An authentic Ukrainian meal. A guest bartender competition party. A blind wine tasting. A trip to Merroir for the one who's never been. A mezcal tasting.

We could come up with countless reasons to hang out and put things in our mouths. And, no, we're not creepy swingers.

By then Rappahannock was completely full, so we decided to hit the road, with our first stop being Art 6 to see Helena Magnusson Ogburn's vibrantly colored, texturally dynamic painting show.

Funniest thing I was told about the artist? "She was so happy when she discovered hinges," a reference to several pieces that incorporated sections of brass hinges into the exuberant works.

My second favorite thing was that she paints every single day, a tenacity I respect.

The show was large with paintings of many sizes and we took our time seeing them all as they wound up the staircase, each of us choosing a favorite and explaining to the others why.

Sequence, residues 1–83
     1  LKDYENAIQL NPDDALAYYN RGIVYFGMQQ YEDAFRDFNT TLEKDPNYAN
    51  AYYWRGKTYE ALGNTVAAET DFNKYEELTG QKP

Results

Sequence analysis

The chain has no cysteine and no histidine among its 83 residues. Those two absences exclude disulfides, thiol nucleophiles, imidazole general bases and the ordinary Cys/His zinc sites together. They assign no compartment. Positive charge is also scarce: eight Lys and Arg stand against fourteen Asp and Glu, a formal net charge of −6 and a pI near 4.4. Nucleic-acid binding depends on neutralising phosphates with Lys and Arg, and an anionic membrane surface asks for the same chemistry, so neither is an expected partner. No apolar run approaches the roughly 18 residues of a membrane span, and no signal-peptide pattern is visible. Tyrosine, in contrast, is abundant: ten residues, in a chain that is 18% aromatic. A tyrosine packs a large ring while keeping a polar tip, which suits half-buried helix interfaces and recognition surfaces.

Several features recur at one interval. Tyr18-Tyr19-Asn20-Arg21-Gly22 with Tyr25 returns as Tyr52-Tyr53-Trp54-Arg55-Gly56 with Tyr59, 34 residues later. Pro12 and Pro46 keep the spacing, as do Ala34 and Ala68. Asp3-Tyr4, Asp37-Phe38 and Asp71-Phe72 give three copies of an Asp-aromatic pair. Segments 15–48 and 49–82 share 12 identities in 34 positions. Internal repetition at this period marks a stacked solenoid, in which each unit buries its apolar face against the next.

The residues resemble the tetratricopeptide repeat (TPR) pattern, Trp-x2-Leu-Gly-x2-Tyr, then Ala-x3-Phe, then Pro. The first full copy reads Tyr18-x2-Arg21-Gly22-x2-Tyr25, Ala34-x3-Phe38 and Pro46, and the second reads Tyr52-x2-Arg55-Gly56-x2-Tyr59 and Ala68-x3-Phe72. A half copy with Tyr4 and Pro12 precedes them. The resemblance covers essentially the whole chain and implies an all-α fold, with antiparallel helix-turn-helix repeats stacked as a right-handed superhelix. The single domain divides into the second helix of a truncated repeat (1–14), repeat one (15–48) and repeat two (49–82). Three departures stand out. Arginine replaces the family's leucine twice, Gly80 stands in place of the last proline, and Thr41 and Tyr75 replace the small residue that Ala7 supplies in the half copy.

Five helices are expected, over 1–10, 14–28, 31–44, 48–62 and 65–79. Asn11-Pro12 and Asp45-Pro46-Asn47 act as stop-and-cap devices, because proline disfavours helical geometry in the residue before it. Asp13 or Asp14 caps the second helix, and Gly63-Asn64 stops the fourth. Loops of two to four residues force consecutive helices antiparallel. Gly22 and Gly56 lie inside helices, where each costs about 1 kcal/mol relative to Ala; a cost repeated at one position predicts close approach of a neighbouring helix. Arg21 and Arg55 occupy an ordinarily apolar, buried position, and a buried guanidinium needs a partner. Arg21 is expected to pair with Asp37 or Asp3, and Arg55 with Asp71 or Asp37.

It's not enough to have an opinion with this group. You have to be able to defend it, too.

At one point, a girl walked by wearing abbreviated shorts she had no business wearing and before I could even form the words, my friend grinned and said, "You don't even have to say it."

It's a good friend who already knows how you're going to judge a stranger's shorts with just a look.

From Art 6 it was a quick hop, skip and a jump through the rain showers to Saison which was hopping, too. Perhaps too much so because all three of my companions were disappointed with their cocktails while I had no problem whatsoever with my Espolon.